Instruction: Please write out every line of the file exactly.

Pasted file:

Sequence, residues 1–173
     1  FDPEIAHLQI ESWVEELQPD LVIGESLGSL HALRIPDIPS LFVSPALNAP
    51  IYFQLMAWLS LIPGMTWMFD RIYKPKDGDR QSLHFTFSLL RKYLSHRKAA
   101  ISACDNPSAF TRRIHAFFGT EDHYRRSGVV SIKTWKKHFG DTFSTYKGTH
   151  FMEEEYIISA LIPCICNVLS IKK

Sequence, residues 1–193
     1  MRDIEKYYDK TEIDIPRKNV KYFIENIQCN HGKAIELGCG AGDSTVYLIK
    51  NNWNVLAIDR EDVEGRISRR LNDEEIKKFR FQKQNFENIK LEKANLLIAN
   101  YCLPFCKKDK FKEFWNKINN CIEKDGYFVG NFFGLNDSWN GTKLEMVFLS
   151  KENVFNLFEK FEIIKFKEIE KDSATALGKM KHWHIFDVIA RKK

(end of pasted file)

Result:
Sequence, residues 1–173
     1  FDPEIAHLQI ESWVEELQPD LVIGESLGSL HALRIPDIPS LFVSPALNAP
    51  IYFQLMAWLS LIPGMTWMFD RIYKPKDGDR QSLHFTFSLL RKYLSHRKAA
   101  ISACDNPSAF TRRIHAFFGT EDHYRRSGVV SIKTWKKHFG DTFSTYKGTH
   151  FMEEEYIISA LIPCICNVLS IKK

Sequence, residues 1–193
     1  MRDIEKYYDK TEIDIPRKNV KYFIENIQCN HGKAIELGCG AGDSTVYLIK
    51  NNWNVLAIDR EDVEGRISRR LNDEEIKKFR FQKQNFENIK LEKANLLIAN
   101  YCLPFCKKDK FKEFWNKINN CIEKDGYFVG NFFGLNDSWN GTKLEMVFLS
   151  KENVFNLFEK FEIIKFKEIE KDSATALGKM KHWHIFDVIA RKK